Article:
CHARITY organisation Seafarers has been inundated with support following a call for help to repair storm damage to its Hastings offices.
Since reaching out to the community, Seafarers Hastings branch chairman Geoff Connelly (above) said offers of assistance have come flooding, and the repairs to the building are almost complete (“Seafarers call out for help” The News 26/1/22).
“I just can’t thank the people and organisations who came to our aid enough,” he said. “It’s been a wonderful show of community generosity and has allowed us to continue our work helping ship crews, and plan for the future.”
Heavy rain and storms on Friday 7 January damaged the roof of the group’s Bayview Road building, causing the water-logged ceiling to collapse.
The damage rendered the building uninhabitable, and the volunteers dedicated to supporting ship crews when they come into Western Port desperately called for a helping hand.
Mr Connelly said the need to be ready to support new ships arriving in port meant there was an urgency in getting the building up and running again.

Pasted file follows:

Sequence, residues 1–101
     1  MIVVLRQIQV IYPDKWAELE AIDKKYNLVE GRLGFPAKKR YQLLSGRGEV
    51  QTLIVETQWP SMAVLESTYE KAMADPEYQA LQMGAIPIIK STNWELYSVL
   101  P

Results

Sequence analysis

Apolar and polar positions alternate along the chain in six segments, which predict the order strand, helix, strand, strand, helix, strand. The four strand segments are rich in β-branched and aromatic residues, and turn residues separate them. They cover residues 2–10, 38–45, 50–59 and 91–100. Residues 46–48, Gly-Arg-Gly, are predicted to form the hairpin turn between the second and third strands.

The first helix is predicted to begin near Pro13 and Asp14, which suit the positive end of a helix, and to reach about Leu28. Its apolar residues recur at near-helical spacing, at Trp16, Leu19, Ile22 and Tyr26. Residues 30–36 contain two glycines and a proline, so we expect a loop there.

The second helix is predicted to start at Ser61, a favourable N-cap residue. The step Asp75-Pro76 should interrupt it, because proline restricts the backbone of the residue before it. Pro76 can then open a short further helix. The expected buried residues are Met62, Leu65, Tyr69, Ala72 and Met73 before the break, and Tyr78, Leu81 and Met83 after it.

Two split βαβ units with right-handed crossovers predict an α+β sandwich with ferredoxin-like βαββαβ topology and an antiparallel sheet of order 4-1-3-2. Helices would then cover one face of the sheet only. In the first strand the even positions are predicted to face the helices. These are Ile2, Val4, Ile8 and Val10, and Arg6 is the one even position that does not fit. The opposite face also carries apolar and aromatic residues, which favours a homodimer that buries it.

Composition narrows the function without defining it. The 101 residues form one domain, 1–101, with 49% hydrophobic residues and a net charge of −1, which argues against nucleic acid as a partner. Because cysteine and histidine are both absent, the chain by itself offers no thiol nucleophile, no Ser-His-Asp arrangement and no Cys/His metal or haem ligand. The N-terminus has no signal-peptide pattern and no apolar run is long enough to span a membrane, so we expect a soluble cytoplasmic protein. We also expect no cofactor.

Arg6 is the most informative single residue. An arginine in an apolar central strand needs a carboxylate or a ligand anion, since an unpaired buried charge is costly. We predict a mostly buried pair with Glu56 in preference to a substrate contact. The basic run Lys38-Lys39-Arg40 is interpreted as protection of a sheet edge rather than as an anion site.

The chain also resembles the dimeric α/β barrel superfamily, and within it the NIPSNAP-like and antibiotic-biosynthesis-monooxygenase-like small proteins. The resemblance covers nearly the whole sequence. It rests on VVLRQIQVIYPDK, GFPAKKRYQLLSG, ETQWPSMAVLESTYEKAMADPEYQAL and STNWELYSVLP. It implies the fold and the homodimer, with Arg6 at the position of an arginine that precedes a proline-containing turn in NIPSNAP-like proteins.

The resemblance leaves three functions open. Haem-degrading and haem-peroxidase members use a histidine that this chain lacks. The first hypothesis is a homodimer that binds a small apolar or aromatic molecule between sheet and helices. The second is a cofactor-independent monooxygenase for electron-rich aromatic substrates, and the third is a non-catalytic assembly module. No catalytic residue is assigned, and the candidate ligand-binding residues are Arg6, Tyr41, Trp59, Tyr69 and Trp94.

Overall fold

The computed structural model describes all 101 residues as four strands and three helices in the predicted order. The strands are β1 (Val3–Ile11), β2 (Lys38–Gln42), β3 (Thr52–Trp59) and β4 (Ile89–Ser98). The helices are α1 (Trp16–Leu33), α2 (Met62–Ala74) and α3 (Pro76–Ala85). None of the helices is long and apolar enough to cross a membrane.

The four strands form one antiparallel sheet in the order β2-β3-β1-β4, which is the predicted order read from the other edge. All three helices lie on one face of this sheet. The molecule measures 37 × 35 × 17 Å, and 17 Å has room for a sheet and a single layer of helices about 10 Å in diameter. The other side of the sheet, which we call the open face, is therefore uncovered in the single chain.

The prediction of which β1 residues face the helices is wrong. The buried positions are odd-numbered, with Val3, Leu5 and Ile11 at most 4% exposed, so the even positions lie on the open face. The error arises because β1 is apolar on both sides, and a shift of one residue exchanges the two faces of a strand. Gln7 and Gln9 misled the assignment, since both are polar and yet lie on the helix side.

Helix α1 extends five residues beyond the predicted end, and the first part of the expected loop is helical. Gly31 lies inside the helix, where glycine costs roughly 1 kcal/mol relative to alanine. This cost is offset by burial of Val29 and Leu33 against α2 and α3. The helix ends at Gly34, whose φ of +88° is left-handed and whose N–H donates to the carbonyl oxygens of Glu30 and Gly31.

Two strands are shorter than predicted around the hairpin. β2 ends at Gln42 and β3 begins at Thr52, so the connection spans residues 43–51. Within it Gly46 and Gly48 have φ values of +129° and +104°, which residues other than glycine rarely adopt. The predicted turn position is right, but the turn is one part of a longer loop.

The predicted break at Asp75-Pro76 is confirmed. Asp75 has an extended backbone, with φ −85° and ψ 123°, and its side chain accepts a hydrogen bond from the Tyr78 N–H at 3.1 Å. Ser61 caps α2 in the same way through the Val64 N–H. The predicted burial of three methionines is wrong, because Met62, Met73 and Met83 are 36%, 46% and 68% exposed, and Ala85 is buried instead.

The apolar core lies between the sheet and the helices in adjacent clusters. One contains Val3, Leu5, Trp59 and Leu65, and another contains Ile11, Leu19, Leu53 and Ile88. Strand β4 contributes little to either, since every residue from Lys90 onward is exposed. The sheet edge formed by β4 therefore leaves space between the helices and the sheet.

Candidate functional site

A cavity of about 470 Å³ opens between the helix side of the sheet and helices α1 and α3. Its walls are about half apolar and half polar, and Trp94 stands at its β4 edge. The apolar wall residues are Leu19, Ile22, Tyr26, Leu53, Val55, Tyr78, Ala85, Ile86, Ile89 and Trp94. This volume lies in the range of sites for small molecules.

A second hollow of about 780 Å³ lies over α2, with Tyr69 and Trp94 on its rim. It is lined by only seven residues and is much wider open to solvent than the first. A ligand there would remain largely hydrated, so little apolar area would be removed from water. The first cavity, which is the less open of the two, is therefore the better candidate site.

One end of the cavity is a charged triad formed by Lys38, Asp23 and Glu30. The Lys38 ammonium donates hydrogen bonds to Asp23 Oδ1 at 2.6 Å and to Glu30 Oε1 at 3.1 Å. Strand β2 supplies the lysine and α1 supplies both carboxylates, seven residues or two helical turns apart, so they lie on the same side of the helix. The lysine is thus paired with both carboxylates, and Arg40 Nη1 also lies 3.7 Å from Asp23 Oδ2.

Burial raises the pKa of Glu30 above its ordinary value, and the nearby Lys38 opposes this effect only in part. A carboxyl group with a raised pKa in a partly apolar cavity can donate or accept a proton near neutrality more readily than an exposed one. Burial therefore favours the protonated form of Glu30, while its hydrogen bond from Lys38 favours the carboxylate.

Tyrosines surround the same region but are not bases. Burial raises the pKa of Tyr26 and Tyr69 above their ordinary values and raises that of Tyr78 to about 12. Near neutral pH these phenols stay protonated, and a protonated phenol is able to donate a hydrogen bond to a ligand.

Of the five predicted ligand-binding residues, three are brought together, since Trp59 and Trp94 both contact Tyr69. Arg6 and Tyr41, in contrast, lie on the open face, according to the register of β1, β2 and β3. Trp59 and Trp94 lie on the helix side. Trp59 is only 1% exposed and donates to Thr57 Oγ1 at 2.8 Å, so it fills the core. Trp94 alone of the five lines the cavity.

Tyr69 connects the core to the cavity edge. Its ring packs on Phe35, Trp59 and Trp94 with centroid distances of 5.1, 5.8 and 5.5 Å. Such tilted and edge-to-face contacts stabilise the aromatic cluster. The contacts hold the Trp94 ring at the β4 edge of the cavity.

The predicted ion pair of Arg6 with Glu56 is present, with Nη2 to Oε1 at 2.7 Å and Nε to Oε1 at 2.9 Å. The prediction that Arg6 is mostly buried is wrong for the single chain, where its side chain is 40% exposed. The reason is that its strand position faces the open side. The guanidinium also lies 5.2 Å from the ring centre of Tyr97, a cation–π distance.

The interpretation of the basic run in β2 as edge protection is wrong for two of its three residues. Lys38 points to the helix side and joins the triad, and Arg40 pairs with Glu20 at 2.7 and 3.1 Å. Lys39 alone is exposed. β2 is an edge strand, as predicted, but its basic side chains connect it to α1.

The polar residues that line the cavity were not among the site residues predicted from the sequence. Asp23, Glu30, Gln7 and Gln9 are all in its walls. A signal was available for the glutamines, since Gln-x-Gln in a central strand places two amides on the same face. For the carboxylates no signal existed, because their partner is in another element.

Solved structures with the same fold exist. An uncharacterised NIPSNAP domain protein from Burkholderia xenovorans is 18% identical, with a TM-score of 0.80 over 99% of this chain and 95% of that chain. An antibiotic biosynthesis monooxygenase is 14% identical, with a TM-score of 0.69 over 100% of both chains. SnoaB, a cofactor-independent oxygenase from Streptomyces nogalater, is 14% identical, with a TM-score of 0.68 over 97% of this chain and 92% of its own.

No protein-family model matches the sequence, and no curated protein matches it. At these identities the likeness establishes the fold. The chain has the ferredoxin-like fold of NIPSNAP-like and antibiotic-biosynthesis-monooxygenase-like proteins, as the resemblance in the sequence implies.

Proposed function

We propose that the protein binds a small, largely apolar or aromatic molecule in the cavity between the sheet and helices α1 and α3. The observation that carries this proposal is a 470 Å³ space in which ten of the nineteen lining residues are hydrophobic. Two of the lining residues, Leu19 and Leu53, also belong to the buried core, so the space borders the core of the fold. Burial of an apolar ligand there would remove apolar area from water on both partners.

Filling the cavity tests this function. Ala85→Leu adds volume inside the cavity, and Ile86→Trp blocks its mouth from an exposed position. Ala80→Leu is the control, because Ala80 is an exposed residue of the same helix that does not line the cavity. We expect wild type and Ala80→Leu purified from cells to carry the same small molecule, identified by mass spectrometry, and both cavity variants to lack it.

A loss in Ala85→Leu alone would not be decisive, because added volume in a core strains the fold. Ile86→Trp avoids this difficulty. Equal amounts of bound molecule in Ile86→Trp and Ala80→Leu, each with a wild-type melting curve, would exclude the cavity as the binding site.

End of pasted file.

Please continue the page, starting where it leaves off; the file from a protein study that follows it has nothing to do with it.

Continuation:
Now, after several generous donations in the form of money and building support from other charitable organisations such as Hastings Rotary and Australian Mariner’s Welfare Society, as well as individuals and companies BlueScope Steel and Esso, the mission is just about complete, and the Seafarers are back in business.
“It’s so wonderful, it’s put my faith back into community helping community,” Mr Connelly said.
Mr Connelly said Seafarers provided support for all sea crew, many who were on international ships, by welcoming them into the community and providing spiritual support, assistance with transport, and essential supplies in the way of a “care package”.
“The crews appreciate the contact and seeing someone with a smiling face who cares about their welfare,” he said.
“We have a chaplaincy program for all faiths, but sometimes it’s just the welcome and friendly hello they need.”
The Hastings centre provides a recreation room with a pool table and a comfortable space for crews to relax.
“Some of these crew members have been out to sea for 12 months and appreciate somewhere to be when they get time off the ship and help to get around and get what they need,” Mr Connelly said.